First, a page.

Whereas the whitetail deer and even the African bushman operate on solar-powered food systems, our industrial food system depends on stocks of ancient sunlight in the form of oil and natural gas to run. Oil, a liquid mineral extracted from beneath the Earth’s surface, is refined to make diesel, gasoline and other energy-dense liquid fuels that power machinery, and is also a feedstock used by the chemical industry to produce pesticides and other chemicals. Natural gas, extracted similarly to oil, is used in the Haber-Bosch process to make nitrogen fertilizers, without which yields of most crops would plummet. Natural gas is also used as a feedstock to make other agricultural chemicals, and as a fuel to provide heat and electricity.
Oil and natural gas are subsurface stockpiles of ancient sunlight. These stockpiles began their ‘lives’ as microscopic plants and animals growing in ancient, shallow lakes and seas at a time in Earth’s history – hundreds of millions of years ago – when the planet was far warmer than today. The microscopic plants turned sunlight into biomass, and the microscopic animals grazed on them. The prevailing climate allowed these microscopic communities to proliferate, and as organisms died and sank to the bottom they created sediments that were rich in organic material. As layer upon layer of these sediments were buried, subsurface heat and pressure eventually ‘cooked’ the organic material into what we today recognize as oil and natural gas. The process by which these stocks of ancient sunlight formed hasn’t ended; oil and natural gas continue to cook in the Earth’s subsurface although their rate of formation is miniscule relative to the rate at which we currently extract and use them. For all practical purposes, oil and natural gas are finite resources.
Over time, the extraction rate of oil and natural gas will progress through stages of growth, peak and decline, following a roughly bell-shaped curve. An investigation of global oil and North American natural gas markets suggests their peaks might not be far off, with recent price volatility and a reliance on debilitating extraction methods like hydraulic fracturing being two of many telling symptoms of emerging scarcity. Oil and natural gas are not substitutable. If a global peak in oil supply emerges, the high prices of key fuels like diesel and gasoline will cut into food production like a knife by diminishing profitability at all levels of our food system and forcing consumers to pay much higher prices. The same would occur if a natural gas peak were to emerge, albeit by way of the cost of fertilizers and other chemical inputs.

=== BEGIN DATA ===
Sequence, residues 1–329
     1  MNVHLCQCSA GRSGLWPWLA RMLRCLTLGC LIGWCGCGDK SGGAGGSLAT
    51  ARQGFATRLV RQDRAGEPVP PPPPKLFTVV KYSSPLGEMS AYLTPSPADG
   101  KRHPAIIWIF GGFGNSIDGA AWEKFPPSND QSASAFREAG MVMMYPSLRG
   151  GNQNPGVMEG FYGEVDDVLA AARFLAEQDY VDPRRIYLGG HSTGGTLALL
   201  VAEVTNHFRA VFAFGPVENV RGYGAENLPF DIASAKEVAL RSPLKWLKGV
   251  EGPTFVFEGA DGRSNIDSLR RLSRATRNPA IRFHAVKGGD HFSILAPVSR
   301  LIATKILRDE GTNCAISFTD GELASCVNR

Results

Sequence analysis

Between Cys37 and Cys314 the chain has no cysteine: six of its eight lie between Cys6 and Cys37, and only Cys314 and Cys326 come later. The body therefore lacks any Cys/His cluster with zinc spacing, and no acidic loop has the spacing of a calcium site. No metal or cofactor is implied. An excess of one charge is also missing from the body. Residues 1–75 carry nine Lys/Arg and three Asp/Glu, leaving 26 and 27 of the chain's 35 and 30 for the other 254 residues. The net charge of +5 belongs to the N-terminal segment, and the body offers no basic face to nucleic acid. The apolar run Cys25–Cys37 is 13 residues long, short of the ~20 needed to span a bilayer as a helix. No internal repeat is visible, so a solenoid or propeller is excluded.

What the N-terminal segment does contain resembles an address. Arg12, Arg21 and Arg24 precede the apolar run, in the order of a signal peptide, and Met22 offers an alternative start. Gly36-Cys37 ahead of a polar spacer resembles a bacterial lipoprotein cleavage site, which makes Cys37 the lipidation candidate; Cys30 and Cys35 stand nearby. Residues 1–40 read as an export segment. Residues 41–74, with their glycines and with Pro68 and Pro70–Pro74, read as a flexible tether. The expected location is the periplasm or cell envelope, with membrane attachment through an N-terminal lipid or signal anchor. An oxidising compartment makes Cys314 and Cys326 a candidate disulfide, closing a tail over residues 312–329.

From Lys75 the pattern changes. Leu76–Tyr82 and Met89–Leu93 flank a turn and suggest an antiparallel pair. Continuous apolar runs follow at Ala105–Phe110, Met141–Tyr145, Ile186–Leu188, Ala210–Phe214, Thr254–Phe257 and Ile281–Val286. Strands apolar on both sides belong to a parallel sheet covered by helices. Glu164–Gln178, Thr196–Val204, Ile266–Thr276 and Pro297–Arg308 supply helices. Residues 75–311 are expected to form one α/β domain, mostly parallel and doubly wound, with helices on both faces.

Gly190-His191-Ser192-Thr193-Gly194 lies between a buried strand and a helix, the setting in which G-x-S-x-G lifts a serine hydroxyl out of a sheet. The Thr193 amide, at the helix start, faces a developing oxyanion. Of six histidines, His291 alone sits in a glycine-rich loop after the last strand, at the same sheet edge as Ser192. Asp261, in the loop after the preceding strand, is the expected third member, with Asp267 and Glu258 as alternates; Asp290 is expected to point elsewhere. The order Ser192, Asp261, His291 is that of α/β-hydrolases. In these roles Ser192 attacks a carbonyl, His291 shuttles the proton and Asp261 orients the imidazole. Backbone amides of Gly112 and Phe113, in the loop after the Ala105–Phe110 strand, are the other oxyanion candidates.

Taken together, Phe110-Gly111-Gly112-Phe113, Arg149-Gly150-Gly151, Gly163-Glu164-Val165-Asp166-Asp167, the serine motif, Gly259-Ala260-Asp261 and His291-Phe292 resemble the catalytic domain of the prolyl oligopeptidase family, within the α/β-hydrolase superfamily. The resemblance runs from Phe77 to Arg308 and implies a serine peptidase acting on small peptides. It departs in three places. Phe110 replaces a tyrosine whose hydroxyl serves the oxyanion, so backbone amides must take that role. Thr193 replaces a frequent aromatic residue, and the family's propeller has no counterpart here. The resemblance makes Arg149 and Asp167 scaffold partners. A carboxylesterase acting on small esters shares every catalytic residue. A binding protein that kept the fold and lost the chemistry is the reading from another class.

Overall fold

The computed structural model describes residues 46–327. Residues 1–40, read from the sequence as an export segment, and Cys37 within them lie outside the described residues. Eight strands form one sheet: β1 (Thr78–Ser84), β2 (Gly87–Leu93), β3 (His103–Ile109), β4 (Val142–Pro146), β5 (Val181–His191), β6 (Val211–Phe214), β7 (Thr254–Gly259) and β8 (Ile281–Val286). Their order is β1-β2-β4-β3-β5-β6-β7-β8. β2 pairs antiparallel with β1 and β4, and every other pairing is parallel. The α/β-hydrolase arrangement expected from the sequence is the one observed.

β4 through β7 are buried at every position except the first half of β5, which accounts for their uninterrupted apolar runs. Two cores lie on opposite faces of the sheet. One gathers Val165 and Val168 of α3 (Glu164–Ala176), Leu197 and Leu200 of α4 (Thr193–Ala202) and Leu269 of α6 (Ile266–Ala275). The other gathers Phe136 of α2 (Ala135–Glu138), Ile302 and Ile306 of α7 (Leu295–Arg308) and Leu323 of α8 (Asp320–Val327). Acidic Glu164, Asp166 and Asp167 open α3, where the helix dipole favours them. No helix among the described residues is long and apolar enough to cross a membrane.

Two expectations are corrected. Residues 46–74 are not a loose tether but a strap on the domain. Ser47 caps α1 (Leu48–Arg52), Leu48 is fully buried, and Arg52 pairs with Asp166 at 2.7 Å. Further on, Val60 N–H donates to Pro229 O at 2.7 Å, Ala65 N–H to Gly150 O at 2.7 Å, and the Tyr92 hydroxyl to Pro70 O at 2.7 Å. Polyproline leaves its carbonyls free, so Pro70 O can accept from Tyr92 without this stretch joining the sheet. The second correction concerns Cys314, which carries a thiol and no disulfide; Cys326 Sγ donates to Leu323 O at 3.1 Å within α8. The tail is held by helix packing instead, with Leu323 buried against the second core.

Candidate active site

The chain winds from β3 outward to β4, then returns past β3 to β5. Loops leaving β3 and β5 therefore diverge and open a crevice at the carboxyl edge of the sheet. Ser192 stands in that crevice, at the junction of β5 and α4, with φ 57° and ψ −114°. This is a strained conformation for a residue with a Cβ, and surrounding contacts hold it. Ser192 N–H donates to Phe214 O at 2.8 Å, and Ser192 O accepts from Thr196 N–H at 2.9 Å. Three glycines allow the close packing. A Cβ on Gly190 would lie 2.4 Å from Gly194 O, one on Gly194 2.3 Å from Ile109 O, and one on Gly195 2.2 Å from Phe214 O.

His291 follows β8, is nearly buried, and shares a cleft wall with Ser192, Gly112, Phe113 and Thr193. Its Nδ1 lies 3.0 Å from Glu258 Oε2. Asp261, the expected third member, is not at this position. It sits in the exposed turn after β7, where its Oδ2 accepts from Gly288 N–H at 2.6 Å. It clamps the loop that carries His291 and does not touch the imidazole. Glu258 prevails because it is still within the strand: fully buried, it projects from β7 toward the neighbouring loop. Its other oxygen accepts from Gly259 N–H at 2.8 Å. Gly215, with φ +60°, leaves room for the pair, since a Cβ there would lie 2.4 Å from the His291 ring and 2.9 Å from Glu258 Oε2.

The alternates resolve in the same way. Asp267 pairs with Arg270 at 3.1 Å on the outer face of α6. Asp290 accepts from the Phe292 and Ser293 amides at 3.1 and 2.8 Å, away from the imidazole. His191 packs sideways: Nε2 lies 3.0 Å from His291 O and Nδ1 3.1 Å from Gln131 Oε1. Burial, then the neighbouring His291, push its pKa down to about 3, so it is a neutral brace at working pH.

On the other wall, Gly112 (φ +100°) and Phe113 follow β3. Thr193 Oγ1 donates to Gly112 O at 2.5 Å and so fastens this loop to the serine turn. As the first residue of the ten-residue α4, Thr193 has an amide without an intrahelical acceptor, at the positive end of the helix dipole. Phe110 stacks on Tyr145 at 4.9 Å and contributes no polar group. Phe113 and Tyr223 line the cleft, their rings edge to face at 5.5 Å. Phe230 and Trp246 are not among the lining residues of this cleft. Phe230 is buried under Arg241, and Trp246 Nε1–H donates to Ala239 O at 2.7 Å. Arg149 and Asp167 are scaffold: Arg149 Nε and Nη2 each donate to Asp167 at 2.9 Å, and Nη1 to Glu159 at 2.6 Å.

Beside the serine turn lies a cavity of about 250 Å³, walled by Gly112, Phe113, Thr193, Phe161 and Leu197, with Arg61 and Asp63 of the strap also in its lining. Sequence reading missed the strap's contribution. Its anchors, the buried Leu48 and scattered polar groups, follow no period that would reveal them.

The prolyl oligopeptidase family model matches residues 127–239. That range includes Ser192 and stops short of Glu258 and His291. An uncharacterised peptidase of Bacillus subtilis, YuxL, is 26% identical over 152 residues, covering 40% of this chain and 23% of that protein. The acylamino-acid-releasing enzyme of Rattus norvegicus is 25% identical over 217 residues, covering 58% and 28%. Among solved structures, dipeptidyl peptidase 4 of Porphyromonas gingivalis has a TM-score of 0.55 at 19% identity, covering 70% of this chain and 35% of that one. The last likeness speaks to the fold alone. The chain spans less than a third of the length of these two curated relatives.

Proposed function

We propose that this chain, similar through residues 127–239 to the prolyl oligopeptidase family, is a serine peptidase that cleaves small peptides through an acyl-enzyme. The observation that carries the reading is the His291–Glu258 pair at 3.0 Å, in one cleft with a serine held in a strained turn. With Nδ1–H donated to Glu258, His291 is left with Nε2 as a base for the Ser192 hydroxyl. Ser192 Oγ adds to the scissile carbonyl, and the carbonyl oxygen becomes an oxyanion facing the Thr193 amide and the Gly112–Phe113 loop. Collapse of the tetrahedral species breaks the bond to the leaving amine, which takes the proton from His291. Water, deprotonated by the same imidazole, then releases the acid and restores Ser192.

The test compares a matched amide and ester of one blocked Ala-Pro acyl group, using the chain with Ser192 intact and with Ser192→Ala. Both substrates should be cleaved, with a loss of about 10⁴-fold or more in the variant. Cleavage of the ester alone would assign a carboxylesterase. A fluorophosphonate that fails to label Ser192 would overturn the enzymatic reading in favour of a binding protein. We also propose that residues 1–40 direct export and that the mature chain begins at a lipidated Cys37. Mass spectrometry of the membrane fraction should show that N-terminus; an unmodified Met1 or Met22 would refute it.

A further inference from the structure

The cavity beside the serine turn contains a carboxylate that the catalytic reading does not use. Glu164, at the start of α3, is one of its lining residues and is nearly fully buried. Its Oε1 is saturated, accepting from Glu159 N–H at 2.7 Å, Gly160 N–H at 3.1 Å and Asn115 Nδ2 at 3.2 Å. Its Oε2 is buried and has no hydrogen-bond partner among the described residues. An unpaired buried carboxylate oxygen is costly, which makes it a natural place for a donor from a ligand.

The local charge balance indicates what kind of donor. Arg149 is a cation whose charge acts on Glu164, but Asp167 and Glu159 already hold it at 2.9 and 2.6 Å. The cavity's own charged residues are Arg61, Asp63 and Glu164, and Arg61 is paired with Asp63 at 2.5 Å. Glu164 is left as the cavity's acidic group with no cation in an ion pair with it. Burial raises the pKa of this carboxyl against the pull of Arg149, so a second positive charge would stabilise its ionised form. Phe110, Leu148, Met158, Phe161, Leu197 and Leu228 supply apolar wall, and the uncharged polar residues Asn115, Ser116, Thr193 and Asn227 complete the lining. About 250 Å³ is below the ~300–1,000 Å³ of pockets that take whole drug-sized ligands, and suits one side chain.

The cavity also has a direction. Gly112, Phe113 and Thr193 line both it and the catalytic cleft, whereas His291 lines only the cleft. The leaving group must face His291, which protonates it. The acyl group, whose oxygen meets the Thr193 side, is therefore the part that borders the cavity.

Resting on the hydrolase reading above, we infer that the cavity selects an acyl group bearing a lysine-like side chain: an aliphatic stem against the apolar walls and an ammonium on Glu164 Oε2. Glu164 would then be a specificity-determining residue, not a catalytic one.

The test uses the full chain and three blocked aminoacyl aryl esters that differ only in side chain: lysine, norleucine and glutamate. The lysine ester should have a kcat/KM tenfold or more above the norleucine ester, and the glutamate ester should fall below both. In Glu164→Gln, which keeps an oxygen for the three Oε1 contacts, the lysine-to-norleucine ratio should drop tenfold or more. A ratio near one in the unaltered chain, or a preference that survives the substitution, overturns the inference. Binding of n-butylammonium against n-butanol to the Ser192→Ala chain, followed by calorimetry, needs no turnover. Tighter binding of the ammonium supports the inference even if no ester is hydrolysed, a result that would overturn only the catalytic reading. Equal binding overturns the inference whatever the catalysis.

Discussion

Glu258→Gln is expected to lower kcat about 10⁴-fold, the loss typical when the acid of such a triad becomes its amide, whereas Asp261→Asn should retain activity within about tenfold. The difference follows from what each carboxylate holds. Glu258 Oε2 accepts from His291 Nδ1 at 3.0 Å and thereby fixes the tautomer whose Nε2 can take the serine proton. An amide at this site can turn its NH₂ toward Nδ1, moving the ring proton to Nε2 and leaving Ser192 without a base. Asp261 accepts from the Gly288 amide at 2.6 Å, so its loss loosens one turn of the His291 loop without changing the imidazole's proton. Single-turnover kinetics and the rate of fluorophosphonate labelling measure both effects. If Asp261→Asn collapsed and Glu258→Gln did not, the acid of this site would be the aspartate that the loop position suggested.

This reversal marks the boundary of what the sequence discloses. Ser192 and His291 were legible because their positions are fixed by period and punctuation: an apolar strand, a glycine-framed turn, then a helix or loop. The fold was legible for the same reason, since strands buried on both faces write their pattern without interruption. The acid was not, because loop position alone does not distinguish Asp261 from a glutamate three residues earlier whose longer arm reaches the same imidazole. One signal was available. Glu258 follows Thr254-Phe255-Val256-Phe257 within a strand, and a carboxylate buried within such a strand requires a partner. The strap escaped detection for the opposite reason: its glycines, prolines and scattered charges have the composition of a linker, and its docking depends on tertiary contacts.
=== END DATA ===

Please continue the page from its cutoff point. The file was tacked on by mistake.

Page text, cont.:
The fossil fuel-powered productivity revolution in agriculture that has so reliably delivered an abundance of cheap food for decades was a progress trap. These ‘advances’ delivered more and more food to growing numbers of people, but they also drove our food system into a deep energy deficit, one that can’t be escaped by the application of more energy-intensive technologies. While this energy deficit won’t cause immanent starvation, it doesn’t bode well for the long- or even moderate-term viability or resilience of our food system should energy constraints or economic uncertainty emerge. At some point we must reconsider the design and implementation of our food system on a very fundamental level, and the sooner we begin the better off we’ll be.
The 21st Century will be a century of challenges. Because acquiring food is such a fundamental physiological need for the human species, adapting our food system to meet out needs without yielding an energy deficit will be foremost among these challenges, and the climate destabilization emerging around the globe won’t make this adaptation any easier. To shift our industrial food system from its energy deficit to being even marginally energy-positive will require a radical re-envisioning of not only how we produce food, but also, most likely, what we eat. Rather than lay out a series of suggestions and their associated energy savings, I think a more valuable approach is to offer a series of questions for readers to consider.